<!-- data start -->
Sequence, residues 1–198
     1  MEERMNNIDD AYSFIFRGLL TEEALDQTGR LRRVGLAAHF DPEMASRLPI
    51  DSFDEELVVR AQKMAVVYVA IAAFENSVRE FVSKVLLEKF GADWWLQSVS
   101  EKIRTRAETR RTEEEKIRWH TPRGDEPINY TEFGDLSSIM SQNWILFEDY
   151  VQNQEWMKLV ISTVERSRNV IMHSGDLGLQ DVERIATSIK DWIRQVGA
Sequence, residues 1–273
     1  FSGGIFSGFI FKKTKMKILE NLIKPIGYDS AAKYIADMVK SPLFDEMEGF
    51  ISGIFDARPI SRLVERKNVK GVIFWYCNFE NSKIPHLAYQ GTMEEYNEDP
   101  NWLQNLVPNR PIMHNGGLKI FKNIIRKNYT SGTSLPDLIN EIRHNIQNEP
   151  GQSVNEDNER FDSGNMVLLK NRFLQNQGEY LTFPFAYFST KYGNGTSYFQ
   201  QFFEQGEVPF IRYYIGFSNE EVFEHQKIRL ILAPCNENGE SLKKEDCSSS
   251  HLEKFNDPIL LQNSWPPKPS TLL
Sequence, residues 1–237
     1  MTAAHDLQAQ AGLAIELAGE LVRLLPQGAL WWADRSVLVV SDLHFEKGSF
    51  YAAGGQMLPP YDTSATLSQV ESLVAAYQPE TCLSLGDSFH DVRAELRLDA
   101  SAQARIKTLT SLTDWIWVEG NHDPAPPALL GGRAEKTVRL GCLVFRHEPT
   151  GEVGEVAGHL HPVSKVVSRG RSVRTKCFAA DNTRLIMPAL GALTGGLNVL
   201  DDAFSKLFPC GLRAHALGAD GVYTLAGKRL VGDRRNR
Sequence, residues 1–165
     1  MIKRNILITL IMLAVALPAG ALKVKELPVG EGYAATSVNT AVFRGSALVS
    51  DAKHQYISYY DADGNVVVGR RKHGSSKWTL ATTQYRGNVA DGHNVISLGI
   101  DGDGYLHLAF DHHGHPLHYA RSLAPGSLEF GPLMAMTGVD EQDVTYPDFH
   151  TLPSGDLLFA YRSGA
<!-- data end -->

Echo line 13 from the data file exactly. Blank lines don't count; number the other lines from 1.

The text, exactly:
Sequence, residues 1–237